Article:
Wednesday, June 07, 2023  |


Mark Anthony Barriga finds lost hunger ahead of title fight against Jonathan Gonzalez

Photo: Reuters
Fighters Network

Mark Anthony Barriga believed he had thrown his last punch several years ago. He was just 25 years old, but was already 20 years into a boxing journey, and had grown disillusioned with the sport by the time he suffered his first pro defeat in 2018, a split decision loss to Carlos Licona for the vacant IBF strawweight title.

Boxing had given him so much, helping him rise from an impoverished background in the mountainous Philippine city of Panabo to become a nationally known figure as the country’s lone boxer at the 2012 Olympics. As an amateur, he won gold at the 2013 Southeast Asian Games, and bronze at the 2014 Asian Games, before spending time in Italy to compete in the AIBA semi-pro league the World Series of Boxing.

He had been bullied for his diminutive stature as a child, but those same bullies had later become his fans.

The one thing boxing couldn’t give him back was the time he had spent away from his family while traveling the globe as an elite amateur and a pro contender. And with the closest person to him on this planet, his mother Melita Barriga, suffering from a heart ailment, he didn’t want to be away from her side any longer.

He attempted a comeback in 2019, but left training camp in his manager’s home country of Slovenia after her health had made a turn for the worse. He had another fight scheduled in November of 2020, but withdrew after she died the week before his fight.

“I considered retiring because I want to forget everything in boxing because I lost my number one fan,” said Barriga, now 29.

It took time for Barriga (11-1, 2 knockouts) to process his grief, but a conversation with his manager Hinko Kostanvejec helped put his career into perspective.

“He told me don’t think too much because all of us are gonna die some day,” said Barriga.

Soon after, Barriga’s career underwent a rebirth, with a pair of wins in the Philippines to lesser opponents last year. Now he is set for his second attempt at a world title this Friday when he faces WBO junior flyweight titleholder Jonathan “Bomba” Gonzalez (25-3-1, 14 KOs) at Osceola Heritage Park in Kissimmee, Fla.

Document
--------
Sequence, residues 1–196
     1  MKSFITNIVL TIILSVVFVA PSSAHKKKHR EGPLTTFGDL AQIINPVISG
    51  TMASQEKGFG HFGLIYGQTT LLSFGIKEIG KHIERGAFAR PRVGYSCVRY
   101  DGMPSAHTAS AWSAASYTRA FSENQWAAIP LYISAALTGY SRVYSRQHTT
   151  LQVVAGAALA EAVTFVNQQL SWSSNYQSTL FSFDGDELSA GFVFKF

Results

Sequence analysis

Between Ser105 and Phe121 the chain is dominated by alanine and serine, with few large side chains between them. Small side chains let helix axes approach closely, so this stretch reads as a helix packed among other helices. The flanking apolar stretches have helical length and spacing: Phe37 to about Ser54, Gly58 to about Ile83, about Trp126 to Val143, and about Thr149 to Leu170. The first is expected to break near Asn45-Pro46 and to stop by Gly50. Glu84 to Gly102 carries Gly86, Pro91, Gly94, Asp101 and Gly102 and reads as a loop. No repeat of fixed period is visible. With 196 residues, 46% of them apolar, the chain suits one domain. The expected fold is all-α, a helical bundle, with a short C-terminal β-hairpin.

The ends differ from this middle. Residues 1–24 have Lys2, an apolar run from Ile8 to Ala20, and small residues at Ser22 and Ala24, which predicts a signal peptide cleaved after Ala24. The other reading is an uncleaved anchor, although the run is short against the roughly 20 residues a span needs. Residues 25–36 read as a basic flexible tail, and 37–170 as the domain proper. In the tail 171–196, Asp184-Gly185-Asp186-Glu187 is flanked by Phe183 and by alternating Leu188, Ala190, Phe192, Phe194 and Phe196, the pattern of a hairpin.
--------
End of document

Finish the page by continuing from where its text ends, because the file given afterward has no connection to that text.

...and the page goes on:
Barriga says this bout, which is promoted by Pro Box Promotions and All Star Boxing, is different from his first attempt at a world title, which was a swing bout which took place in an empty arena an hour after the first meeting between Tyson Fury and Deontay Wilder in Los Angeles.

“It’s a big difference because in that fight with Licona I’m not in my head. I had a lot of problems,” said Barriga, a 5’2” southpaw.

Among the problems was making the 105-pound limit, which he said was detrimental to him after years of competing at 108 pounds as an amateur. 

“I’m not weak in this weight category, but at 105 I was so dry. I was always super dieting,” said Barriga.

Barriga says he has trained for five months in Slovenia under the guidance of his brother Sadam Barriga and co-manager Jan Zaveck, a former IBF welterweight titleholder.

The unusual pairing of a Filipino strawweight with a retired Slovenian welterweight and his business partner came about after Kostanvejec had spent several years in the Philippines managing Global FC, a now defunct soccer team in the Philippines. Kostanvejec had traveled in 2018 to Cavite City, just outside of Manila, to meet with the mayor to discuss opportunities to collaborate on sports opportunities. He met Barriga there, but the two parties began working together after a later conversation, when Barriga said he had split with his management team.

“When we got him, he was in a state of flux. He was despondent with boxing. He was couldn’t believe that he could find anybody that was above board and we showed him a different way,” said Kostanvejec.

Toppling Gonzalez, 31, is no easy ask. The Puerto Rico-based native of The Bronx, N.Y. has lost three times by knockout to much bigger punchers than Barriga, a stylish counter puncher who relies more on frustrating opponents with his defense and showboating than blowing them away with power.

Gonzalez had rewritten his own narrative as a talented underachiever when he upset Elwin Soto last October by split decision to lift the title.

“Gonzalez is a good fighter, he’s not the kind of boxer that is easy to beat. His style is similar to my style also,” said Barriga.

Barriga has a special motivating factor pushing him towards victory in this fight: a promise he made to his biggest fan.

“This fight is very important for me because this is my promise to my mom when she passed away,” said Barriga.

“If I will win this fight, it will be life changing.”


Latest Issue Cover